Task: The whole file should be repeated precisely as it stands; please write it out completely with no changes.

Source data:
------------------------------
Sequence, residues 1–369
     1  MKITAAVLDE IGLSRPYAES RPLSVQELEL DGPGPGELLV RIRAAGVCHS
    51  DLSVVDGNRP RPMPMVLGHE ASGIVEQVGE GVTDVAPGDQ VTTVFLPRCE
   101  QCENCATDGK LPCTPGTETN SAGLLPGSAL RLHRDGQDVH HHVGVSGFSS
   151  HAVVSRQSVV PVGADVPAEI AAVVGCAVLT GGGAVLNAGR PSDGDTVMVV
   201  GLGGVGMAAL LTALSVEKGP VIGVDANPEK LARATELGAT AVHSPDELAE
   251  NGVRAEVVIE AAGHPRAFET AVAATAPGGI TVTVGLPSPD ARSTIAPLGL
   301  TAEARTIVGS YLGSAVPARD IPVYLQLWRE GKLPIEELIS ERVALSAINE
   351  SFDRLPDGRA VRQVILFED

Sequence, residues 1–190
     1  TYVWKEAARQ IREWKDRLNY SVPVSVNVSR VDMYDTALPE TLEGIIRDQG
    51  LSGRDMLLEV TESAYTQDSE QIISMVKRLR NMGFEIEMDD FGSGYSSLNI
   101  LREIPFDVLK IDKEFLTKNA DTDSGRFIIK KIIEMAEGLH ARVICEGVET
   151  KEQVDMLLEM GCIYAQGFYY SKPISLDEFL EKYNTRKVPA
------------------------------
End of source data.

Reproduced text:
Sequence, residues 1–369
     1  MKITAAVLDE IGLSRPYAES RPLSVQELEL DGPGPGELLV RIRAAGVCHS
    51  DLSVVDGNRP RPMPMVLGHE ASGIVEQVGE GVTDVAPGDQ VTTVFLPRCE
   101  QCENCATDGK LPCTPGTETN SAGLLPGSAL RLHRDGQDVH HHVGVSGFSS
   151  HAVVSRQSVV PVGADVPAEI AAVVGCAVLT GGGAVLNAGR PSDGDTVMVV
   201  GLGGVGMAAL LTALSVEKGP VIGVDANPEK LARATELGAT AVHSPDELAE
   251  NGVRAEVVIE AAGHPRAFET AVAATAPGGI TVTVGLPSPD ARSTIAPLGL
   301  TAEARTIVGS YLGSAVPARD IPVYLQLWRE GKLPIEELIS ERVALSAINE
   351  SFDRLPDGRA VRQVILFED

Sequence, residues 1–190
     1  TYVWKEAARQ IREWKDRLNY SVPVSVNVSR VDMYDTALPE TLEGIIRDQG
    51  LSGRDMLLEV TESAYTQDSE QIISMVKRLR NMGFEIEMDD FGSGYSSLNI
   101  LREIPFDVLK IDKEFLTKNA DTDSGRFIIK KIIEMAEGLH ARVICEGVET
   151  KEQVDMLLEM GCIYAQGFYY SKPISLDEFL EKYNTRKVPA